The opinion of the court was delivered by: Arthur J. Schwab United States District Judge
Before the Court are defendants' motions to dismiss plaintiffs' second amended complaint (doc. nos. 24 and 26), and plaintiffs' consolidated response in opposition thereto (doc. no. 28).
In deciding a motion to dismiss pursuant to Fed.R.Civ.P. Rule 12(b)(6), the Court accepts the well-pleaded factual allegations of the complaint as true, and draws all reasonable inferences therefrom in favor of the plaintiff. Armstrong Surgical Center, Inc. v. Armstrong County Memorial Hospital, 185 F.3d 154, 155 (3d Cir. 1999). A claim should not be dismissed for failure to state a claim unless it appears beyond a doubt that the non-moving party can prove no set of facts in support of its allegations which would entitle it to relief. Conley v. Gibson, 355 U.S. 41, 45-46 (1957); Marshall-Silver Construction Co. v. Mendel, 894 F.2d 593, 595 (3d Cir. 1990). In making this determination, the Court must construe the pleading in the light most favorable to the non-moving party. Budinsky v. Pennsylvania Dept. of Environmental Resources, 819 F.2d 418, 421 (3d Cir. 1987).
In addition, the Court may consider allegations contained in the complaint, exhibits attached to the complaint, and matters of public record. City of Pittsburgh v. West Penn Power Co., 147 F.3d 256, 259 (3d Cir. 1998), citing Pension Benefit Guar. Corp. v. White Consol.
Indus., 998 F.2d 1192, 1196 (3d Cir.1993) ("a court may consider an undisputedly authentic document that a defendant attaches as an exhibit to a motion to dismiss if the plaintiff's claims are based on the document. Otherwise, a plaintiff with a legally deficient claim could survive a motion to dismiss simply by failing to attach a dispositive document on which it relied."). See Fed.R.Civ.P. 10(c) ("A copy of any written instrument which is an exhibit to a pleading is a part thereof for all purposes."); Rose v. Bartle, 871 F.2d 331, 339-340 (3d Cir. 1989) (lease agreement attached to complaint is part of the pleading for all purposes).
Further, as the United States Court of Appeals for the Third Circuit more recently stated in Menkowitz v. Pottstown Memorial Medical Center, 154 F.3d 113, 124-25 (3d Cir.1998):
Just as a pleading must "be construed as to do substantial justice," Fed.R.Civ.P. 8(f), see also Conley, [355 U.S. at 47-48], a plaintiff generally need not explicitly allege the existence of every element in a cause of action if fair notice of the transaction is given and the complaint sets forth the material points necessary to sustain recovery. See 5 Charles Alan Wright & Arthur R. Miller, Federal Practice & Procedure § 1216, at 154-162 (2d ed.1990). This is especially so if the material deficiencies in the complaint stem from nothing more than inartful pleading--the precise sort of pleading as a highly developed form of art that the federal rules sought to abandon. See Conley, 355 U.S. at 48, 78 S.Ct. 99. Simply put, the complaint will withstand a Fed.R.Civ.P. 12(b)(6) attack if the material facts as alleged, in addition to inferences drawn from those allegations, provide a basis for recovery.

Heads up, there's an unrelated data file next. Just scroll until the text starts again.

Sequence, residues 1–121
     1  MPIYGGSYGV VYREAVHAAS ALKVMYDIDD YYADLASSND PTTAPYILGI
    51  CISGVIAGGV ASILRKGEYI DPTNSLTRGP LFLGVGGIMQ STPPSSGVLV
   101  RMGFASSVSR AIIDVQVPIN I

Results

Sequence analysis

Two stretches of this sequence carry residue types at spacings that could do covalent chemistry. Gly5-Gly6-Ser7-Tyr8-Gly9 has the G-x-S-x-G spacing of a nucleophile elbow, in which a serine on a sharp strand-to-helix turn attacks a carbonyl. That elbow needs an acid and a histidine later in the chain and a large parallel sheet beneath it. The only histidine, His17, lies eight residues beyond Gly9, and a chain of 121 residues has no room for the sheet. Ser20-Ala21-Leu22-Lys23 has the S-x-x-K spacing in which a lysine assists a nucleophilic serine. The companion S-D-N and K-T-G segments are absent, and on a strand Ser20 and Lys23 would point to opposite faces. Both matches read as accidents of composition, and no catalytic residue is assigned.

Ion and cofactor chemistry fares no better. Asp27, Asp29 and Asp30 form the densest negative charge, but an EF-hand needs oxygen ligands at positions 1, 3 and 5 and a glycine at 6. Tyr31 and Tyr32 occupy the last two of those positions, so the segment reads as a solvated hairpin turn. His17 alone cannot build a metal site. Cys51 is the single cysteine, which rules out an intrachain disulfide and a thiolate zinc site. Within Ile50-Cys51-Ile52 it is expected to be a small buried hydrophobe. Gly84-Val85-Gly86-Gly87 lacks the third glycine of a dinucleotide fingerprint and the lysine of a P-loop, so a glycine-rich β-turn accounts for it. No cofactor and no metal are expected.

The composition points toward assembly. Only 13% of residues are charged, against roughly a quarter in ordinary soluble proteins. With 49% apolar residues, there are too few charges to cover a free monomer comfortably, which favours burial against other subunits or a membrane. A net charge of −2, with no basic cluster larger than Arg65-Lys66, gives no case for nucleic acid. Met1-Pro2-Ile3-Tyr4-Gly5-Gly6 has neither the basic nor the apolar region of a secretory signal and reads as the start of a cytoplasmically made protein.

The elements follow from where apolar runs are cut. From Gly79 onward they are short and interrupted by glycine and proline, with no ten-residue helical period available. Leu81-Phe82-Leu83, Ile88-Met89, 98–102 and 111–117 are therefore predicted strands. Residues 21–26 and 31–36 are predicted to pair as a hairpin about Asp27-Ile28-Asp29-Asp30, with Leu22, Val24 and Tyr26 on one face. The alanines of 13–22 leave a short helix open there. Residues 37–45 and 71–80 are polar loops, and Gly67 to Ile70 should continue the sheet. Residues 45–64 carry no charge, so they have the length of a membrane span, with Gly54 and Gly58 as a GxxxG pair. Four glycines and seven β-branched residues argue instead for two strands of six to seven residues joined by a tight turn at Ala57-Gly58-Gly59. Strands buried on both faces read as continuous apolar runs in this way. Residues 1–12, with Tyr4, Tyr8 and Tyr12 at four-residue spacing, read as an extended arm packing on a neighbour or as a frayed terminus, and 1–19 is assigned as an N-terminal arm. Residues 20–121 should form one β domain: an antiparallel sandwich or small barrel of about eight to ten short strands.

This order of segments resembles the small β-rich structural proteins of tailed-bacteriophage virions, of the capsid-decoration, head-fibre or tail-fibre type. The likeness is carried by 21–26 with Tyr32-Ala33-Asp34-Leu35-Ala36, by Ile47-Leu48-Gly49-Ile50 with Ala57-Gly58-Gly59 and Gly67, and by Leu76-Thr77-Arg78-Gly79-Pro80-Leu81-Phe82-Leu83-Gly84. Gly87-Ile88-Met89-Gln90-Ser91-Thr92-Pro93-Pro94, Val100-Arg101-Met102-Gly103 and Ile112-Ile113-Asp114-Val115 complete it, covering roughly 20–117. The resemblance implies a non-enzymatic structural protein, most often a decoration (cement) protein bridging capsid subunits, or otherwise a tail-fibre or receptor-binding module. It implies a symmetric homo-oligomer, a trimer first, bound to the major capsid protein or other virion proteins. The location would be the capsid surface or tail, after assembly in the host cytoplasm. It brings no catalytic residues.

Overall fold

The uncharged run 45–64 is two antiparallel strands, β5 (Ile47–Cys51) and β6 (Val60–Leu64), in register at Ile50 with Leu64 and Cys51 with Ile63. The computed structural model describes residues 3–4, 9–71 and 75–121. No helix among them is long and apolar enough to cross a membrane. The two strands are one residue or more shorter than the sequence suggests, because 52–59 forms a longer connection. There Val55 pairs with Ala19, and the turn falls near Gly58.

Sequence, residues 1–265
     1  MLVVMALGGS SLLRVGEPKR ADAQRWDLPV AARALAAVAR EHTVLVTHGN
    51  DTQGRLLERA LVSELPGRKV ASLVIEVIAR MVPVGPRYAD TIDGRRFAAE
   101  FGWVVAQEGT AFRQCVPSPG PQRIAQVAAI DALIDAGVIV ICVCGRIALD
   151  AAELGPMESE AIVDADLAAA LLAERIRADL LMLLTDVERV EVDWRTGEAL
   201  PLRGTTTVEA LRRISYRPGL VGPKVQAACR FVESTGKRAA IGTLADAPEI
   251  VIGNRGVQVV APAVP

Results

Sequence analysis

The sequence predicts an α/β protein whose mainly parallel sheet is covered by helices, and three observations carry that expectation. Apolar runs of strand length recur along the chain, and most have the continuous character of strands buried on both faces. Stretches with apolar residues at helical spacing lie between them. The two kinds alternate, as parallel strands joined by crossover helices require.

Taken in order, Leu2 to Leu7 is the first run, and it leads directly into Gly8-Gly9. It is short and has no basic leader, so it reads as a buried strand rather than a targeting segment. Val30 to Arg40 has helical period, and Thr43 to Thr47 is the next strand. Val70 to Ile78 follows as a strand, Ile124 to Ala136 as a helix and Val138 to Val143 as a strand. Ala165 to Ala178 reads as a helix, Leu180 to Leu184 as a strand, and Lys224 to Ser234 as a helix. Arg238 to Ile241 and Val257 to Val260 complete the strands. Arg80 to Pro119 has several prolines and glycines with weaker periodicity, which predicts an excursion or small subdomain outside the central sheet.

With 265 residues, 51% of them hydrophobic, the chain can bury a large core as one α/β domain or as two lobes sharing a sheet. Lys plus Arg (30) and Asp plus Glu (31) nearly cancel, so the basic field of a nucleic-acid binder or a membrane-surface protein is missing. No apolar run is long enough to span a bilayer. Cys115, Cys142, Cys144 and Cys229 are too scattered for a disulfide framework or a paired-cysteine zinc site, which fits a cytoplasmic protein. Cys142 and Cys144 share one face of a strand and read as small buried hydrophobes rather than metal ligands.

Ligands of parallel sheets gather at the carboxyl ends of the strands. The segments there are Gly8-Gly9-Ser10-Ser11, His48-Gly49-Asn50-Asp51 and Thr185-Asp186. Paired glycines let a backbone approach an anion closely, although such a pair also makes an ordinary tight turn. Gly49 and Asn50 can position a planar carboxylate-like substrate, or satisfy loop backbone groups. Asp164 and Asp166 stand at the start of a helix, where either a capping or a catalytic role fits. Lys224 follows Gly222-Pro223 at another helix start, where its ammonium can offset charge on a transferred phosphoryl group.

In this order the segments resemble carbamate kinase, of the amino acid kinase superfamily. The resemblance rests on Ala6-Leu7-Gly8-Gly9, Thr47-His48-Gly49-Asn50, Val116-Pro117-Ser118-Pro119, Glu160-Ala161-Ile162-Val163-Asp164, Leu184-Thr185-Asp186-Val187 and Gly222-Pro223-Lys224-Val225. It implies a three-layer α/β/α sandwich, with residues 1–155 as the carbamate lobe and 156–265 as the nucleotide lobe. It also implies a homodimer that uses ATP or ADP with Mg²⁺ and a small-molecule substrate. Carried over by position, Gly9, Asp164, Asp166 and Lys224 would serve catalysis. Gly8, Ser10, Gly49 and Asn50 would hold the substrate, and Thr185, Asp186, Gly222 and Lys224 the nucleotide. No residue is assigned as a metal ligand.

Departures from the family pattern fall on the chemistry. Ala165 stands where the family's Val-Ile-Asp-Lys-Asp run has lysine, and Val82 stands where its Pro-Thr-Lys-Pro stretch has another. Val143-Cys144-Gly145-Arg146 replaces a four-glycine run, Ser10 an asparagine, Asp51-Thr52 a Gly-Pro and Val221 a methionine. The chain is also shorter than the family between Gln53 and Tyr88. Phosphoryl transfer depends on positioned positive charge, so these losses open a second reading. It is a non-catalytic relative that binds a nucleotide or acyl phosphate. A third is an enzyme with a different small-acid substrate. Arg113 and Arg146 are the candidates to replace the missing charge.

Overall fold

Viewed in light of the forgoing liberal pleading standards, this Court simply cannot say, at this early stage of the proceedings, that plaintiffs will be able to state no set of facts in support of their claims against Gill Hall V.F.D, or the Borough of Jefferson Hills. Accordingly,
AND NOW, this 5th day of January, 2007, after due consideration of defendants' motions to dismiss the second amended complaint, plaintiff's response thereto, and the memoranda of law in support and in opposition thereto, IT IS HEREBY ORDERED that defendants' motions to dismiss the second amended complaint (Document Nos. 24 and 26) ARE DENIED without prejudice to defendants' raising the issues set forth therein in a motion for summary judgment at the appropriate time following discovery.
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